Also, what about blond haired dwarves? They seem to be at least as common as red haired ones, if not more so, an example off the top of my head is Ivan Bouldershoulder. Dwarves are from Nordic mythology, why is the description excluding blond hair of all things?

The text just seems to be diversity for diversity sake with the added red hair pale skin thrown in because Bruenor Battlehammer has red hair with pale skin.
 

Dwarves were described as earth/tan/etc tone in the Holmes Basic, BX Moldvay, BECMI red box, and 1E MM. They were downgraded to ruddy in 2E PHB they are described as deep tan or light brown in the MC.

It is not a new thing but it is weird how the game and fiction/art do not tie in often.
 

variant

Adventurer
Dwarves were described as earth/tan/etc tone in the Holmes Basic, BX Moldvay, BECMI red box, and 1E MM. They were downgraded to ruddy in 2E PHB they are described as deep tan or light brown in the MC.

It is not a new thing but it is weird how the game and fiction/art do not tie in often.

Just wondering, but how is being ruddy a downgrade?

I was only familiar with 2e. The earlier description of them probably came from Gygax's hatred of all things Tolkein. The authors of fantasy fiction don't have such hatred or need to be different from Tolkein, so they describe dwarves how they have always known dwarves to be in fantasy.
 
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GX.Sigma

Adventurer
The skin tone descriptions in 3e and now 5e never made any sense. Where do they get the concept that most dwarves have a brown skin tone? Just from a fantasy historical perspective it's wrong. I don't think there have ever been any dwarves with brown skin tone in D&D novels or any other fantasy novels, if there are it's far and few between.

Also, what about blond haired dwarves? They seem to be at least as common as red haired ones, if not more so, an example off the top of my head is Ivan Bouldershoulder. Dwarves are from Nordic mythology, why is the description excluding blond hair of all things?
According to my Wikipedia research, in Norse mythology, the term "Dvergar" (Dwarves) was interchangeable with "Svartalfar" (Dark Elves)--"svart" literally meaning "dark-skinned."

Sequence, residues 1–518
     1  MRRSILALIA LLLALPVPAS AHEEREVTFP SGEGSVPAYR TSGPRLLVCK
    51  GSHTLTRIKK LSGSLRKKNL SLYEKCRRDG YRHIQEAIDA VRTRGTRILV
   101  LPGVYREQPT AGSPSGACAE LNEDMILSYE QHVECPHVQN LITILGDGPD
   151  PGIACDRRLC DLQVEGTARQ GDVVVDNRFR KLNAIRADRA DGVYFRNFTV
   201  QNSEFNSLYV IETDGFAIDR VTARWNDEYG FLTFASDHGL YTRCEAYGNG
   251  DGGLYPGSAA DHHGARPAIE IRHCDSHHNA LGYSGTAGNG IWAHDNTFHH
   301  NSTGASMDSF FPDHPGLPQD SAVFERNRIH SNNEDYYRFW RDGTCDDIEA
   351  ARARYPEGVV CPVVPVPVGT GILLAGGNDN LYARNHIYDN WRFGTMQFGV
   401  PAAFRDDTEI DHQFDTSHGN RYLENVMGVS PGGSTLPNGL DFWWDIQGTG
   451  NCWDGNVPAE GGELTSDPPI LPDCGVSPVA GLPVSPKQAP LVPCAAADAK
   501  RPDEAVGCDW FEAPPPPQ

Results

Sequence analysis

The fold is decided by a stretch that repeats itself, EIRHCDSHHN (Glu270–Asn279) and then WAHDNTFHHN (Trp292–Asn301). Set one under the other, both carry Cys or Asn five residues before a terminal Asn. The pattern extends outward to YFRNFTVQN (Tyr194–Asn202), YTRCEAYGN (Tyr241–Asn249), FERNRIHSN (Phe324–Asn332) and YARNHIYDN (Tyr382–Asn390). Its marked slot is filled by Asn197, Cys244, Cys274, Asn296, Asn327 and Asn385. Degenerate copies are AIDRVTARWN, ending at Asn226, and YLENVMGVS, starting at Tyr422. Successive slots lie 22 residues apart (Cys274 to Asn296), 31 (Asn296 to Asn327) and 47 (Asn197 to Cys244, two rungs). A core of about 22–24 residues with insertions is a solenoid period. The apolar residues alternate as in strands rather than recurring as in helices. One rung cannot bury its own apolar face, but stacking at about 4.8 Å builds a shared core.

jbear

First Post
I think the art is gorgeous. I am not seeing any awkwardness in her pose either. She is just bracing a heavy hammer ready to rip into action if needs be in my opinion. Love it. I am definitely going to show this to the dwarven cleric in our group. I am certain she will love it.
 

pemerton

Legend
"Dwarven skin ranges from deep brown to a paler hue tinged with red, but the most common shades are light brown or deep tan, like certain tones of earth."

White is not "a paler hue tinged with red."
Agreed.

How interesting that the text says the most common skin tones are brown, but the picture is a white person.
There's no problem with showing a pale dwarf. The problem is when the text says "most dwarves are brown," then then all the dwarves they show are pale.
Dwarves were described as earth/tan/etc tone in the Holmes Basic, BX Moldvay, BECMI red box, and 1E MM.
3E and 5E dwarves are described as brown or tan skin, tho 4E says mostly same as human. Has anyone ever seen a brown/tan skinned dwarf art from D&D? I can't recall any
I've also noticed over the (many) years that illustrations of dwarves and gnomes frequently depart from the way they are described in those earlier books, as primarily dark-skinned. It's a little odd that the tradition is continuing in 5e.

Tolkin never said Dwarven women had beards, if fact, he never even mentioned them.
Tolkien did mention them, in Appendix A to LotR. He describes them as indistinguishable in appearance from dwarf men. This is what generates the implication that they are bearded, or at least very masculine in their appearance. (Contrastingly, elf men are often characterised as very feminine in their appearance, although not to the extent that they are indistinguishable from elf women.)

I haven't got my copy of the DMG ready to hand, but I think Gygax describes dwarven women as bearded in that book.
 

variant

Adventurer
According to my Wikipedia research, in Norse mythology, the term "Dvergar" (Dwarves) was interchangeable with "Svartalfar" (Dark Elves)--"svart" literally meaning "dark-skinned."

It is only speculation from some scholars that think the svartalfar and dvergar were the same thing. Other scholars disagree and speculate that they are two distinct peoples and even others think svartalfar, dokkalfr, and dvergar were all distinct.

Also, 'svart' doesn't mean literally dark skinned, it means literally 'black, dark, or dirty'.